“We developed a diagnostic prediction model for BSI in febrile pediatric oncology patients without severe neutropenia. External validation is warranted before use in clinical practice.” Esbenshade et al (2014).
Esbenshade, A.J., Di Pentima, M.C., Zhao, Z., Shintani, A., Esbenshade, J.C., Simpson, M.E., Montgomery, K.C., Lindell, R.B., Lee, H., Wallace, A., Garcia, K.L., Moons, K.G.M. and Friedman, D.L. (2014) Development and validation of a prediction model for diagnosing blood stream infections in febrile, non-neutropenic children with cancer. Pediatric Blood & Cancer. October 18th. [epub ahead of print].
Prediction model for diagnosing blood stream infections in children with cancer http://ctt.ec/bz2tO+ @ivteam #ivteam
Background: Pediatric oncology patients are at increased risk for blood stream infections (BSI). Risk in the absence of severe neutropenia (absolute neutrophil count [ANC] ≥500/µl) is not well defined.
Procedure: In a retrospective cohort of febrile (temperature ≥38.0° for >1 hr or ≥38.3°) pediatric oncology patients with ANC ≥500/µl, a diagnostic prediction model for BSI was constructed using logistic regression modeling and the following candidate predictors: age, ANC, absolute monocyte count, body temperature, inpatient/outpatient presentation, sex, central venous catheter type, hypotension, chills, cancer diagnosis, stem cell transplant, upper respiratory symptoms, and exposure to cytarabine, anti-thymocyte globulin, or anti-GD2 antibody. The model was internally validated with bootstrapping methods.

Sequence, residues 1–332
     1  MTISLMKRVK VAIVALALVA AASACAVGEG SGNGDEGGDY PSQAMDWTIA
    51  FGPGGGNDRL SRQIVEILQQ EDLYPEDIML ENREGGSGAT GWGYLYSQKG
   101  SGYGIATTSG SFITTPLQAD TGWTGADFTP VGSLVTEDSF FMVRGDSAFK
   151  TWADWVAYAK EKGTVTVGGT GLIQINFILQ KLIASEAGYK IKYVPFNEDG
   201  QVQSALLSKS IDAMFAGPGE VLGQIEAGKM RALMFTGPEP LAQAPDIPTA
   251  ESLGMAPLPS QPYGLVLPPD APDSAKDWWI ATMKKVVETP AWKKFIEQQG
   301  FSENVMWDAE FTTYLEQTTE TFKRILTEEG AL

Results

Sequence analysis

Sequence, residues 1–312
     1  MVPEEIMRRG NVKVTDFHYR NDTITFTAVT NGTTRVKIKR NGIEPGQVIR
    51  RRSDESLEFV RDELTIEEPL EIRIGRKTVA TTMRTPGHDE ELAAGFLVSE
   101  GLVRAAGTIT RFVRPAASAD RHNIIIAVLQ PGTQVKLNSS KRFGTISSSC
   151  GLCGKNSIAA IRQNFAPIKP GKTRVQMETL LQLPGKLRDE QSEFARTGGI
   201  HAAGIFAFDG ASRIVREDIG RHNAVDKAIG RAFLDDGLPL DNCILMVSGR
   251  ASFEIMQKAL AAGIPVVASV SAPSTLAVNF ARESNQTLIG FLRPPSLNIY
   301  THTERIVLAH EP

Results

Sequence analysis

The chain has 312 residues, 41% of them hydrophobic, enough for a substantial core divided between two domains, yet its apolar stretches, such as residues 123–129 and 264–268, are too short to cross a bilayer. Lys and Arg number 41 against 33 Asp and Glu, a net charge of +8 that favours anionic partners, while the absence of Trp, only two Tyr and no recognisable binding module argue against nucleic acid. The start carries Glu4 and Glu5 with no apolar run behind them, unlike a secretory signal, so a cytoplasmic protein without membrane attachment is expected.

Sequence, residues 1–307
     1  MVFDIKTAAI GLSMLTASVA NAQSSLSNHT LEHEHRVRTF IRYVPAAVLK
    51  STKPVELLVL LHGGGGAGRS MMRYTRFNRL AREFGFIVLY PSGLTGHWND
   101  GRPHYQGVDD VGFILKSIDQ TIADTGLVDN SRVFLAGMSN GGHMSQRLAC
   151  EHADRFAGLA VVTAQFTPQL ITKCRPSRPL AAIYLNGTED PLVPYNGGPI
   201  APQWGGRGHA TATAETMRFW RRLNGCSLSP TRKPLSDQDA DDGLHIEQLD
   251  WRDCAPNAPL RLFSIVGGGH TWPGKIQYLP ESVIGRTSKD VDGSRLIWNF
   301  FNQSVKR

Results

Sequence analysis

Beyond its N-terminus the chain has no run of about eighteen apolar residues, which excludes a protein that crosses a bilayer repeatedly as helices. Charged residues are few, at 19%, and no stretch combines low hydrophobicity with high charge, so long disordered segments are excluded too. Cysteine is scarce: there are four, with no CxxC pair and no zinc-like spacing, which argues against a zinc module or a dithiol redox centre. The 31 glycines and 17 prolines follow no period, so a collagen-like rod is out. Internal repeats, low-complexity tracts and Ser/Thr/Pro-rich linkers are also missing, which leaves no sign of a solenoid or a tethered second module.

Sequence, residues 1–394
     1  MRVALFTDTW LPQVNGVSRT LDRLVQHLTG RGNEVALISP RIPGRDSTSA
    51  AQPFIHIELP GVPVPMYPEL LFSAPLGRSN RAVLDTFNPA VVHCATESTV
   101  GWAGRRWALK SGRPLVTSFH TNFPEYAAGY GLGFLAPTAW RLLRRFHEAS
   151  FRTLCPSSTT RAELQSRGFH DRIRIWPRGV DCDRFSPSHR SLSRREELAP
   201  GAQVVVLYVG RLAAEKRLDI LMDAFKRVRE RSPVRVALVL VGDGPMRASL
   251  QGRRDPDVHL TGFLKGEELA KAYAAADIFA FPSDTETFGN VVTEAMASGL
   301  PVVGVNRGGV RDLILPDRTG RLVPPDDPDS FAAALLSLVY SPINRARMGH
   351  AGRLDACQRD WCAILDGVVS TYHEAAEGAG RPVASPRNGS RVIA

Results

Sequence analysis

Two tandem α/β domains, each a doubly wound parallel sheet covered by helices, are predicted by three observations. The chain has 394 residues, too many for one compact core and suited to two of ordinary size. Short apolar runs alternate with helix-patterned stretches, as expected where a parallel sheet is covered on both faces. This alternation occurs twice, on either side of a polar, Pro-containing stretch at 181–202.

Results: Among 932 febrile episodes in 463 patients, we identified 91 cases of BSI. Independently significant predictors for BSI were higher body temperature (Odds ratio [OR] 2.36 P < 0.001), tunneled external catheter (OR 13.79 P < 0.001), peripherally inserted central catheter (OR 3.95 P = 0.005), elevated ANC (OR 1.19 P = 0.024), chills (OR 2.09 P = 0.031), and hypotension (OR 3.08 P = 0.004). Acute lymphoblastic leukemia diagnosis (OR 0.34 P = 0.026), increased age (OR 0.70 P = 0.049), and drug exposure (OR 0.08 P < 0.001) were associated with decreased risk for BSI. The risk prediction model had a C-index of 0.898; after bootstrapping adjustment for optimism, corrected C-index 0.885.
Conclusions: We developed a diagnostic prediction model for BSI in febrile pediatric oncology patients without severe neutropenia. External validation is warranted before use in clinical practice.
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